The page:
Lin Chee Kang or Cheng Tng (Lotus Seed Dessert Drink)

Monday, May 06, 2013

While Chinese cuisine is not normally well known for their desserts, there are a few which I grew up eating and will miss fondly from time to time.

Top on the list is "Tong Yin" or glutinous rice ball soup. I am not talking about the ones which comes stuffed with peanut or sesame seed paste. I am referring to the small multi-colored balls. I can hardly find them these days, unless it is home made.

Another favourite is "Lin Chee Kang." This is how I first knew it as when I was in Malaysia. Here in Singapore, a similar version is called "Cheng Tng." Lin Chee means "lotus seed" and I suppose the M'sian version is centered on it. If you know how Cheng Tng is different from Lin Chee Kang, do enlighten me.

The thing is, we all like the version we grew up with. My idea of LCK or CT is minimalist: I don't like it when it is crowded and comes with all kinds of strange ingredients. These are a few of my favourite things: longan, lotus seeds, the "Pa Dang Hai" jelly stuff and lo han kao for the deep fruity and slightly bitter taste. White sago and dried persimmon will be good to have but I can do without them them. I do not like seaweed floating in my bowl and always wonder why pieces of sugar palm fruit are found in my bowl of CT from hawker stalls. Even sweet potato makes an occasional appearance. I find that baffling but maybe, different dialect groups have their own version of CT.

Whether having it hot on a rainy or as a thirst-quenching cold dessert, a "perfect" bowl of CT finishes off the meal nicely.

I have been wanting to make LCK for the simple reason that I get to eat a version which I miss and like. I have been gathering the ingredients and finally got down to it recently.

Except for the pandan leaves, everything else is dried or dehydrated. So, it is convenient for storage. Get good and whole dried longans (Thai variety is good) which are whole in shape after they are boiled. To make this about 30 minutes of gentle simmering will do. Don't overcook your lotus seeds or longans as you want to eat them while retaining some taste and texture.

I have my cooking kaki, Auntie Lucy to thank for her advice on the way to making this version.

Recipe for my version of Lin Chee Kang


Dried Longans - half a bowl
Dates - 5 pieces
Lo Han Kao - 1 piece (crack it slightly)
Lotus Seeds - half a bowl
Pa Dang Hai -  about 30 pieces
Pandan Leaves (tie them up)
Dried persimmons - cut into thin slices
Brown sugar or rock sugar

  1. Prepare - soak lotus seed in warm water and remove the green stuff from the centre as it is bitter. Soak the Pa Dang Hai in warm water till it expands. Use your hands and remove the seeds and rough stems, if any. Tie your pandan leaves.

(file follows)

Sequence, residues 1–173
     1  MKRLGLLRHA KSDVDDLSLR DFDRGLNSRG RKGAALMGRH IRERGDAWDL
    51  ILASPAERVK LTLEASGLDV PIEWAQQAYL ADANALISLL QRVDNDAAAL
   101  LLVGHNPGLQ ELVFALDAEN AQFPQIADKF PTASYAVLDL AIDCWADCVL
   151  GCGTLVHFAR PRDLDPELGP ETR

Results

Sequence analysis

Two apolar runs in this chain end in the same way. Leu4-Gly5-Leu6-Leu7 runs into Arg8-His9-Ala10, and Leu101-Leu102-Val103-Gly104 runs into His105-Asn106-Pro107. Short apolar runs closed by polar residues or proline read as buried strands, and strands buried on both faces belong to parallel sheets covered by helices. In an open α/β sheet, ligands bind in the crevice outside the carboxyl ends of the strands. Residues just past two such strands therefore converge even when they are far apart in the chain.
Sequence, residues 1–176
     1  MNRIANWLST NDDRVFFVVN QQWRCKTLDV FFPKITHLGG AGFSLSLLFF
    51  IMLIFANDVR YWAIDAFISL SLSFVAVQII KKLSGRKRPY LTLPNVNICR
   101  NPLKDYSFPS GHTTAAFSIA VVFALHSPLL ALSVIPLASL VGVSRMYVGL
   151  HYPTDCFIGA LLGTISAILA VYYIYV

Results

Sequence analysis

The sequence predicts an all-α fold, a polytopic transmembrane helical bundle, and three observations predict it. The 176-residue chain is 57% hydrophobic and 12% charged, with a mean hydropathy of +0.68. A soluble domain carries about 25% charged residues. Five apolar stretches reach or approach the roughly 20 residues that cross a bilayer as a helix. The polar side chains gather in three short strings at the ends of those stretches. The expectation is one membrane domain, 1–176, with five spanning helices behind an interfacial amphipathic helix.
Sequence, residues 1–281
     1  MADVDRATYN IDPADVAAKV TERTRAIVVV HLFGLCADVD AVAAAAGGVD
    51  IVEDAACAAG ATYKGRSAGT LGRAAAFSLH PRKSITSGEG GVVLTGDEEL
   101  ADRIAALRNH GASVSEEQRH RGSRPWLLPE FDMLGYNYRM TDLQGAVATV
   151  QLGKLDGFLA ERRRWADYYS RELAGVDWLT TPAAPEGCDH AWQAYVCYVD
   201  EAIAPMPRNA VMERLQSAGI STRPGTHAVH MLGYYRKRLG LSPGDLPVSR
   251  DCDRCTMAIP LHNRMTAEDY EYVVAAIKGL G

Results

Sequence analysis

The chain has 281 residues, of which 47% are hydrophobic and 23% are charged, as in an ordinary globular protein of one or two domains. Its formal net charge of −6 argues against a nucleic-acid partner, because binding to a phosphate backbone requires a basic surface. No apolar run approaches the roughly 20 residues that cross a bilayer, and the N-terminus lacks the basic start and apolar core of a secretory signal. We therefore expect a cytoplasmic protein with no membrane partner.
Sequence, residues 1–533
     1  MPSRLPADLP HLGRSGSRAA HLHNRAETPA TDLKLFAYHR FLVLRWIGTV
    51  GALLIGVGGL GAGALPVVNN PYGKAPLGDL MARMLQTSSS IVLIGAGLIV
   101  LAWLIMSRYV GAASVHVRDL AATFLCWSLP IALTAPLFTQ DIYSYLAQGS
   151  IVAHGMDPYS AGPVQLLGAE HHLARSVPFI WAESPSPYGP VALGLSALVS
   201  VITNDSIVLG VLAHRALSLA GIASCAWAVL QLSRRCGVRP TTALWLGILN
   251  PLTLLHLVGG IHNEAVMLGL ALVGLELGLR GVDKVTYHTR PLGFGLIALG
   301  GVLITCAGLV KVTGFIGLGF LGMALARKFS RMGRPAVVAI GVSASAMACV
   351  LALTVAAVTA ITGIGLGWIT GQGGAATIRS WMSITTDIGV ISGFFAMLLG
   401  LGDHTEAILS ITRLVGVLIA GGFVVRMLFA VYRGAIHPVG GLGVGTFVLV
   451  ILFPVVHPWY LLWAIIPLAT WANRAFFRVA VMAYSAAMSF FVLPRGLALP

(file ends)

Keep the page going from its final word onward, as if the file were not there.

2. Boil a pot of water (about 5 litres). 
  3. Add in the Lo Han Kao, longan, dates and lotus seeds. Lower heat to a gentle simmer.
  4. After 30 minutes, add brown sugar. Taste to ensure it is sweet enough (it is a dessert after all!).
  5. After 30 minutes of simmering in total, your LCK should be ready. Adjust taste with sugar or add water if necessary. Remove the pandan leaves and Lo Han Kao. 
  6. Bowl your LCK, add the persimmon and Pa Dang Hai...serve hot.
You can of course add or subtract ingredients i.e. white sago, orange peel. If you like to retain the fragrance of the pandan (pandanus) leaves, you can opt to make your pandan-flavoured sugar separately. Dissolve your sugar in hot water and steep the pandan leaves in it. Close the sugar container to retain the flavours. Combine with the LCK  when you serve the bowls. The pandan leaves, like tea leaves, is scenting your drink. Boiling the life out of it will not optimise it's effects.

The photos below will give you an idea what the ingredients look like. Some of the ingredients have medicinal properties, not that this was the reason why I used them.

It is superb when you drink it cold. Put some ice or crushed ice in. Heaven.

Not difficult at all to try out a version of LCK or CT which you like.

I don't mean to make this more complicated than it is, but if you have "Job's tears", you can add them in.  They have a nice bite to it. But definitely optional.

Job's tears or sometimes called Pearl Barley.
This particular lot was fresh and frozen 
L-R: Lotus Seeds, Pa Dang Hai, Lo Han Kao, dried Persimmon, dried Longans
& pandan leaves. Not in pic: red dates, sugar
Pa Dang Hai - they look like small seeds before they are soaked.
They are called "Kembang semangkok" in Malay
After soaking, it will expand. Use your fingers to remove the seeds
Sliced dried persimmons

You Might Also Like


  1. Your post just brought back memories of my teenage days slurping this at my fave stall in Empress Rd Hawker Centre where the LCK is so yummy on balmy evenings :)
    Thanks for sharing your recipe so I can this for my sisters so we can all sit around the table and reminisce.
    Btw, do I buy the Pa Dang Hai from the same shops that sell red dates and dried longans (chinese medical halls)?

  2. Yes, PDH can be bought from these medical halls. Sometimes provisions shops will carry them too. You can cook the sugar and pandan leaves separately to retain more of the the fragrance.

  3. Thank you for the recipe! I love cheng tng and it's so hard to find a good one these days. Definitely going to try this out, thank you!

  4. You asked: "If you know how Cheng Tng is different from Lin Chee Kang, do enlighten me."

    Actually these are two completely different desserts. Think of Lin Chee Kang as a deluxe version of Tau Suan, without the yu char kway. "Kang" refers to a concoction thickened by any form of starch.

    I love Lin Chee Kang, but the high cost of Lin Chee has all but made this wonderful dessert disappear from our hawker stalls.

  5. Yes, the price of Lin Chee can be a cost problem for hawkers.

  6. My family loves your recipe. Thanks for such a detailed and premium recipe!